One thing that distinguishes sitcom comedy from trenchant satire is that most sitcom characters have to be likable; after all, the networks want you to watch them week after week. EDtv reveals its sitcom soul when it has to extricate Ed from his increasingly irksome celebrityhood: Howard and his crew exonerate as many of the characters as possible as they turn the tables on True TV’s executives. Twenty years ago, Albert Brooks took EDtv’s theme to far more corrosive extremes with his first film, Real Life, which was inspired by PBS’s pioneering real-life series An American Family. TV may have become more wicked since then, but Hollywood’s mockery of its symbiotic rival has only gotten blander.
The new big-screen adventure of Nickelodeon/ABC ‘toon Doug Funnie may be Doug’s 1st Movie, but that doesn’t mean you haven’t seen it all before. Indeed, for viewers over the age of 10, identifying the animated film’s familiar superhero-, teen-, monster-, and conspiracy-movie themes is the principal diversion.
A tale of small-town 12-year-old Doug and his circle of friends and foes, Doug’s 1st Movie was directed by Maurice Joyce and written by Ken Scarborough from characters created by co-producer Jim Jinkins, a guy who doesn’t even know how to spell his own surname. While Doug is roughly the color that Crayola in less inclusive times labeled “flesh,” other residents of Bluffington are orange, blue, and green (but not brown). Despite the fanciful range of skin tones and an unusual preponderance of art-deco architecture, Bluffington is not a surprising place. Both its civic virtues and its hidden vices are as commonplace as the golden arches.
Doug and his pal Skeeter continue their search for the monster that allegedly lives in Lucky Duck Lake, but Doug is somewhat distracted by his desire to take his longtime crush, Patti Mayonnaise, to the upcoming Valentine’s Day dance. His ordinary life occasionally yields to Walter Mitty-like fantasies of competence and heroism, in which he triumphs over the local bullies and the slick, deceitful Guy, Doug’s rival for Patti’s affection.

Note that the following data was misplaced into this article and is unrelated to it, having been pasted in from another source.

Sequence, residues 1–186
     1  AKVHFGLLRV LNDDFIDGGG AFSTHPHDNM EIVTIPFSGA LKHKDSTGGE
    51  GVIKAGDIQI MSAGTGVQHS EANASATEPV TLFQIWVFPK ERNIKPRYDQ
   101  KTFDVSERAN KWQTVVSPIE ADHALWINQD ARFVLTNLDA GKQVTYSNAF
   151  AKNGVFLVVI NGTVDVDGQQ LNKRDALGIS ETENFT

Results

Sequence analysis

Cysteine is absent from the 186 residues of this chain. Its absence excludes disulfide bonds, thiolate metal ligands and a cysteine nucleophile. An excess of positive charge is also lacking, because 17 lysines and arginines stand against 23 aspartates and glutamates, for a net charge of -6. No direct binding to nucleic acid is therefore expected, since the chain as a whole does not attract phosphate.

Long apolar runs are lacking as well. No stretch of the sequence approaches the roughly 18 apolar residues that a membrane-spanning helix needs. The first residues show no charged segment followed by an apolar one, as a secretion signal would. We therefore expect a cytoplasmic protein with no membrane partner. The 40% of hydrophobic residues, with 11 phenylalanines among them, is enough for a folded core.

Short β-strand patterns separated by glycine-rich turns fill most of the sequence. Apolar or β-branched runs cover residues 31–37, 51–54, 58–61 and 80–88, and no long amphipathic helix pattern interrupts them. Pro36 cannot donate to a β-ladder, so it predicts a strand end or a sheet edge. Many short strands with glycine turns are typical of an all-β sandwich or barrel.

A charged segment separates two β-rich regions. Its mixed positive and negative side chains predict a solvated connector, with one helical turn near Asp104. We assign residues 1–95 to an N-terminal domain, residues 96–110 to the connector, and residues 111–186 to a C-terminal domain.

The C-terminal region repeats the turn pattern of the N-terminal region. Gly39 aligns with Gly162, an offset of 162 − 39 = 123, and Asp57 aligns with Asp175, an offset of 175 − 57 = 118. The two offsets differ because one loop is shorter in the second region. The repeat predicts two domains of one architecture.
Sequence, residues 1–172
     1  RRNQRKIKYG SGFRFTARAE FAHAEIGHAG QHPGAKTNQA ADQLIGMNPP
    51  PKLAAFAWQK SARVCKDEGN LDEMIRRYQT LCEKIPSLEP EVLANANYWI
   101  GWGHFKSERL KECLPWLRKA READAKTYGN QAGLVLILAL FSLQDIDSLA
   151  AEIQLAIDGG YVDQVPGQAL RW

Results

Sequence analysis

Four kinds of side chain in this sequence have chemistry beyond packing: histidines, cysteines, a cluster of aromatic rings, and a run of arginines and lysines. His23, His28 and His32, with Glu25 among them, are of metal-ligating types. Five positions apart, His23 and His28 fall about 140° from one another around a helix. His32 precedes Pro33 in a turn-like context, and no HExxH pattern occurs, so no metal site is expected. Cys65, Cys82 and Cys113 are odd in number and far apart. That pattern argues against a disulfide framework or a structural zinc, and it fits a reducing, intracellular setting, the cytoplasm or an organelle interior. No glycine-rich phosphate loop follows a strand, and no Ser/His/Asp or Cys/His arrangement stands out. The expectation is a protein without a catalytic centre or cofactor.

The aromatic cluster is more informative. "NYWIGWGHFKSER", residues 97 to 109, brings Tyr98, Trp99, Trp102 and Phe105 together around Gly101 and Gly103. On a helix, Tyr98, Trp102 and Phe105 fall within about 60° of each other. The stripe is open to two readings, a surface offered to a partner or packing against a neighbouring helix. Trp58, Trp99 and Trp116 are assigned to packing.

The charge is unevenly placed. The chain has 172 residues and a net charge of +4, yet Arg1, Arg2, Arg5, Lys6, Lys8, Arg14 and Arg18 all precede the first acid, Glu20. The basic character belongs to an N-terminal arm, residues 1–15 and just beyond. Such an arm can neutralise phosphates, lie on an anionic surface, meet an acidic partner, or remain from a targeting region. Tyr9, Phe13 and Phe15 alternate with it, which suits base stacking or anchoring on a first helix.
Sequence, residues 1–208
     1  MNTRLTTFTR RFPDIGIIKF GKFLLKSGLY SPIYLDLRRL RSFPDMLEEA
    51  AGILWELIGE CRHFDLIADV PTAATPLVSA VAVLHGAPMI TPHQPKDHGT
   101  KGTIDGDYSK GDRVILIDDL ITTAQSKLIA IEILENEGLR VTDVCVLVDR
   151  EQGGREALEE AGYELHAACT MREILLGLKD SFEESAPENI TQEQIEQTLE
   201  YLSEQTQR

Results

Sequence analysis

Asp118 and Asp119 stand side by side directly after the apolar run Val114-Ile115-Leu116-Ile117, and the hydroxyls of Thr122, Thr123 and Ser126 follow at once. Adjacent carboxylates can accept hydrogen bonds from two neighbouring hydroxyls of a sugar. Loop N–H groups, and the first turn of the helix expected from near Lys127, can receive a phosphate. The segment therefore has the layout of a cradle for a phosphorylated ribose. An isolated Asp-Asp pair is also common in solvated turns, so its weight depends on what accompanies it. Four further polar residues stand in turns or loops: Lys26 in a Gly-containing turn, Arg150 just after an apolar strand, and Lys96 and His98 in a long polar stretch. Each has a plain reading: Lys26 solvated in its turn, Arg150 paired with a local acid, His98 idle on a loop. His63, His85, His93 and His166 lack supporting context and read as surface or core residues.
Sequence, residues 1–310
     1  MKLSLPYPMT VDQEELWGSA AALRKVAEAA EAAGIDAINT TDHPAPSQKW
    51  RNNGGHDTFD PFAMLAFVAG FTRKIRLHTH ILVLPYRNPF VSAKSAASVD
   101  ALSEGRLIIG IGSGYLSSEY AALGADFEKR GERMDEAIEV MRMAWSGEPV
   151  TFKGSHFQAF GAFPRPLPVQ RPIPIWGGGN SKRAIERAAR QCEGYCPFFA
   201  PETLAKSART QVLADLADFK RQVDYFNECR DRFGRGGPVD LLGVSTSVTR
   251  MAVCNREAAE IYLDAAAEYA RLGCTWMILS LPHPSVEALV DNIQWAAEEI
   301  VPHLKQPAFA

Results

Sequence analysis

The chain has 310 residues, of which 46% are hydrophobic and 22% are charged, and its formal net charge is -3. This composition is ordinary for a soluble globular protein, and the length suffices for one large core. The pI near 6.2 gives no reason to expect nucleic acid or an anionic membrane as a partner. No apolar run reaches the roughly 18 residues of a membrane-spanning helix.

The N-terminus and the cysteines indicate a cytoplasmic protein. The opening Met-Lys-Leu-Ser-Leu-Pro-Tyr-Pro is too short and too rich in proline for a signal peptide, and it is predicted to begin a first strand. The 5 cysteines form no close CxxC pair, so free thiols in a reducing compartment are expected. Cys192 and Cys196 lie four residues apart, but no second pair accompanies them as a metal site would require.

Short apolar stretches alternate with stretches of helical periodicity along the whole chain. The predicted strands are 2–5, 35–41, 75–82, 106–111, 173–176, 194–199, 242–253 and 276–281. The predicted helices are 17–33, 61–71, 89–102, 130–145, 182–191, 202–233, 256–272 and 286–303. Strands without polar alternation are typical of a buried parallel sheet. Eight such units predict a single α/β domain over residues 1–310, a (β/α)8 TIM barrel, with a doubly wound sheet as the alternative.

Like many ’50s-vintage monsters, the creature from the lake is a byproduct of environmental degradation; the reptilian creature was mutated by the pollutants dumped in the water by Mr. Bluff, the town’s ruthless millionaire namesake. Once Doug and Skeeter meet the monster, however, they realize he’s a well-meaning but misunderstood sort, in the tradition of the radiation-created post-Godzilla superheroes invented by Marvel Comics in the early ’60s (Spider-Man and the Hulk, for example). The creature behaves more like a dog than a mutant lizard and soon makes friends with Doug’s initially suspicious pooch, Porkchop. After the ravenous monster tries to eat a copy of Moby Dick, Doug and Skeeter name him Herman Melvillea curious name for a monster, but one that clearly indicates he’s no threat. In fact, Herman is an example of what ecotourism skeptics call “charismatic megafauna.”
In their attempt to save Herman, Doug and Skeeter enlist the local mayor, who suggests they call a press conference. It’s unusual to find an honest politician in a movie that expresses the conspiracy-theory view of American life, but at least the media are true to form: They all work for Bluffco, whose logo is a giant screw. Even the school paper (edited by the nefarious Guy) is part of the conspiracy to defame and destroy Herman and whitewash Bluff’s environmental crimes. The climactic showdown takes place at the Valentine’s Day dance, to which Bluff sends paramilitary troops to kill Herman in front of the kids. Doug’s adventures are supposed to be wholesome and enriching, but a middle school dance overseen by armored men with automatic weapons is not a reassuring image. As much All the President’s Men as Free Willy, Doug’s 1st Movie shows how thoroughly today’s ‘toons have assimilated Hollywood’s early-’70s paranoia.CP